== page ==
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What Did Saint Augustine Believe About Head Covering?

Head Covering: Church History Profiles

[Series introduction: This post is part of a series that examines what certain leaders in church history believed about head covering. Their arguments, choice of language and conclusions should not be misconstrued as an endorsement from us. The purpose of this series is to faithfully show what they believed about covering rather than only selectively quoting the parts we agree with.]

Saint Augustine (354-430 A.D.) served as Bishop of Hippo (modern day Annaba, Algeria). He is the pre-eminent “Doctor of the Church” according to Roman Catholicism, and is considered by many Evangelicals to be one of the theological fathers of the Protestant Reformation due to his teachings on salvation and grace. He is best known for his books “Confessions” and “The City of God.”

Augustine received a letter from his friend Possidius who was Bishop of Calama asking him numerous questions. One of those questions was should he (Calma) permit “ornaments of gold and costly dress?” Augustine told him that it shouldn’t be forbidden “except in the case of those who [are] neither [married] nor [intend] to marry.” He said this was because they “are bound to consider only how they may please God.” The rational he provided to allow those who are married to wear decorated dress was that they must “consider how they may in these things please their wives if they be husbands, their husbands if they be wives” (1 Cor 7:32-34.) So Augustine saw that looking good and attractive for your spouse was permitted. He did have one stipulation to this allowance though. He said, “with this limition, that it is not becoming even in married women to uncover their hair, since the apostle commands women to keep their heads covered.” So here we see that even though he permits married women to wear decorated dress, they are not allowed to uncover their heads. The fact that he said it was not becoming “even” in married women likely indicates that he believed single women were to cover their heads too. The fact he addressed a modern situation shows that Augustine believed that head covering was not cultural but was to be practiced in his day in Northern Africa. 1) All quotations from this paragraph are taken from “Letter 245” which can be read online here:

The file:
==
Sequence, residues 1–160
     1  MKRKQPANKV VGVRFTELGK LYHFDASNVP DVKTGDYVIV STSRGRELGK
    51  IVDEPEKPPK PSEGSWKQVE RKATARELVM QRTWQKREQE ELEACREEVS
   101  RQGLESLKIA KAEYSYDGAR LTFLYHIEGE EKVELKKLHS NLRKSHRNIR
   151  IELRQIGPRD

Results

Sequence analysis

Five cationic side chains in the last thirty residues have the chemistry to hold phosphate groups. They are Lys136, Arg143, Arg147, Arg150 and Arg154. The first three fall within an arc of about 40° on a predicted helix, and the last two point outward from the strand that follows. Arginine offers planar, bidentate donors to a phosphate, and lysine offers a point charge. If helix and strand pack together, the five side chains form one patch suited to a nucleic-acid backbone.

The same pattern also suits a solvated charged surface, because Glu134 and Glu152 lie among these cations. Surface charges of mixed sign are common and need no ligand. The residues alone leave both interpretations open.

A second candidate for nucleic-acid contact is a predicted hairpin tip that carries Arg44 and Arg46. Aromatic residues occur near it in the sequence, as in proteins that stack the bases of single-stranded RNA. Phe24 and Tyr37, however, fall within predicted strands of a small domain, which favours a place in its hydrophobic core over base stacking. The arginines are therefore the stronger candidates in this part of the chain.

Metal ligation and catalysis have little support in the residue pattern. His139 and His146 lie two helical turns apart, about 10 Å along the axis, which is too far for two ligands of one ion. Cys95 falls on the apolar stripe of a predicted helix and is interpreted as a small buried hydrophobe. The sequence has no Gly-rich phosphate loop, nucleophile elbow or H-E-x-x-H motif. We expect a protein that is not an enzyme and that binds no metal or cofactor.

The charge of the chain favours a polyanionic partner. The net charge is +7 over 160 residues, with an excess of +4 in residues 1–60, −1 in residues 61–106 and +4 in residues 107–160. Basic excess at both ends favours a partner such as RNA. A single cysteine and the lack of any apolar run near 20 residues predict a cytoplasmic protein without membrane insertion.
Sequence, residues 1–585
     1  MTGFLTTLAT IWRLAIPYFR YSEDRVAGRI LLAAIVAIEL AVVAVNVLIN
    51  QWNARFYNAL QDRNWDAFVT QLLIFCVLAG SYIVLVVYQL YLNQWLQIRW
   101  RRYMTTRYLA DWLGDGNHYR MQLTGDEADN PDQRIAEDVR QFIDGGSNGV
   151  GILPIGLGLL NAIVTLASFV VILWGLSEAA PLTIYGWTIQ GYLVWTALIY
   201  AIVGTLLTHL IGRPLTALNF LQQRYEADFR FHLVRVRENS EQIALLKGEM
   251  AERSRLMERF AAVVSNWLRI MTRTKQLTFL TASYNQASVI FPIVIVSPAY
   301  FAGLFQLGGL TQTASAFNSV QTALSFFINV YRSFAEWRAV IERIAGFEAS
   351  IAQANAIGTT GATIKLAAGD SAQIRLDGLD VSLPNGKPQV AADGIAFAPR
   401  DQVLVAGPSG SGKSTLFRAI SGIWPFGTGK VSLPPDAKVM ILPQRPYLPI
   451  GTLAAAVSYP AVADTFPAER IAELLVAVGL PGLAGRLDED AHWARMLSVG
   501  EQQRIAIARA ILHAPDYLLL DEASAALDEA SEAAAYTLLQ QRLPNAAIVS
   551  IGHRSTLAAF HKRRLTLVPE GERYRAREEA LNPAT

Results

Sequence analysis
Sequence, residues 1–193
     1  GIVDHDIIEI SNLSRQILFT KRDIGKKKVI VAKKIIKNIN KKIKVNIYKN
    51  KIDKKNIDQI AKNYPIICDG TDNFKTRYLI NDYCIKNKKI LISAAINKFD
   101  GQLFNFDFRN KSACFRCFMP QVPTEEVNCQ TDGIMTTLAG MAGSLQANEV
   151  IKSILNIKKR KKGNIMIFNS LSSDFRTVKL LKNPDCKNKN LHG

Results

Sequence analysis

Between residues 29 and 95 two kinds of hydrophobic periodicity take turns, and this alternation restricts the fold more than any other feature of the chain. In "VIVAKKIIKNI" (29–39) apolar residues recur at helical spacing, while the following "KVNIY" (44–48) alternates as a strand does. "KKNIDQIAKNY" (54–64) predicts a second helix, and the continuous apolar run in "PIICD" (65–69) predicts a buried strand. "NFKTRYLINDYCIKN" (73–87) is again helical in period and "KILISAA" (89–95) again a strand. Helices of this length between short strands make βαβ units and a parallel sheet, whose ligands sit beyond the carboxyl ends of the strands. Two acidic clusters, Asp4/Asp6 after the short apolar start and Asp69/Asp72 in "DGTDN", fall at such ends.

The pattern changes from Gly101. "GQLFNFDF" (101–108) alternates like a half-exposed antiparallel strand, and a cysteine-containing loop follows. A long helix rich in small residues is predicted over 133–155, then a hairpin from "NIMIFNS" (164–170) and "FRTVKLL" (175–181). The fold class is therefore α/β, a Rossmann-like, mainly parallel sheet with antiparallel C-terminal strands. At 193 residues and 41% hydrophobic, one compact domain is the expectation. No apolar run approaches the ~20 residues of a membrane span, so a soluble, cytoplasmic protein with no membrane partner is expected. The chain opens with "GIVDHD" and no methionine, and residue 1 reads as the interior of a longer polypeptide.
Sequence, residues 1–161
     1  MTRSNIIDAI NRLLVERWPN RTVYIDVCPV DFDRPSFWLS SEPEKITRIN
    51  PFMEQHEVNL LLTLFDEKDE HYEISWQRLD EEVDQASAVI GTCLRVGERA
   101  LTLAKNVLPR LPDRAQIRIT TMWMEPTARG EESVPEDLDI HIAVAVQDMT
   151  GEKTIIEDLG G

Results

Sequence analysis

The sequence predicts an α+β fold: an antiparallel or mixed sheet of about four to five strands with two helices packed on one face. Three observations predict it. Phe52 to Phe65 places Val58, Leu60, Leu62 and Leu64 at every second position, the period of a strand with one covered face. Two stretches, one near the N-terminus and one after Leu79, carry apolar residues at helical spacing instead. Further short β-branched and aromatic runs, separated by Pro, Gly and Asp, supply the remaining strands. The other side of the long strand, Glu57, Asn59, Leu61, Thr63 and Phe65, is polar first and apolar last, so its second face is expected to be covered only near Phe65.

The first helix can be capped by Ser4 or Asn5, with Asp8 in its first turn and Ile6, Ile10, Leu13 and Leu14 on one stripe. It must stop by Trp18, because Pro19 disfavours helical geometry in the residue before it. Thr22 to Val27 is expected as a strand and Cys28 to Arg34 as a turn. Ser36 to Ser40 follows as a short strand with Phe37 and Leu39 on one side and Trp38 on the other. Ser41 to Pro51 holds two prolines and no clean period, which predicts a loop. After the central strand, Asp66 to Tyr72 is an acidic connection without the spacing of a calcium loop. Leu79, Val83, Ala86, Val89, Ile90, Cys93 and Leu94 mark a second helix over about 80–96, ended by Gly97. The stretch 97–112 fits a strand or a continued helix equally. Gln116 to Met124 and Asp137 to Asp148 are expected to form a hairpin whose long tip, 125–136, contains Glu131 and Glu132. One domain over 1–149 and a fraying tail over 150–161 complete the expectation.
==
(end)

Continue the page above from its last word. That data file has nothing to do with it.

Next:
In his book “On the Trinity,” Augustine says that the woman “ought to have power on [her] head, which the covering indicates.” He says that the covering refers to a “hidden sacrament” which has a “holy and pious meaning [which is] pleasing to the angels.”  2) All quotations from this paragraph are taken from “On the Trinity” (Book XII – Chapter 7) which can be read online here:

Augustine also wrote a letter where he was correcting the practice of some monks who wore their hair long. 3) All quotations from this paragraph onwards are taken from “Of the Works of Monks” which can be read online here: He said:

“Now what is more an iniquity than to wish to be obeyed by inferiors, and to refuse to obey superiors? The Apostle, I mean, not us: insomuch that they even let their hair grow long: a matter, of which he would have no disputing at all, saying, If any chooses to be contentious, we have no such custom, neither the Church of God. Now this I command; which gives us to understand that it is not cleverness of reasoning that we are to look for, but authority of one giving command to attend unto. For whereunto, I pray you, pertains this also, that people so openly against the Apostle’s precepts wear long hair? Is it that there must be in such sort vacation, that not even the barbers are to work?”

So by wearing their hair long they were “[refusing] to obey superiors” which was Paul himself. He said wearing long hair was to go “openly against the Apostle’s precepts.” He also said later that this “offend[s] and trouble[s] the church” and that the monks were “twist[ing] the manifest words of the Apostle into a wrong meaning.” He said it was a “stumbling-block before the weak for whom Christ died” and if they persisted it would lead Augustine to “grieve and mourn.” Clearly, this was no small issue to him.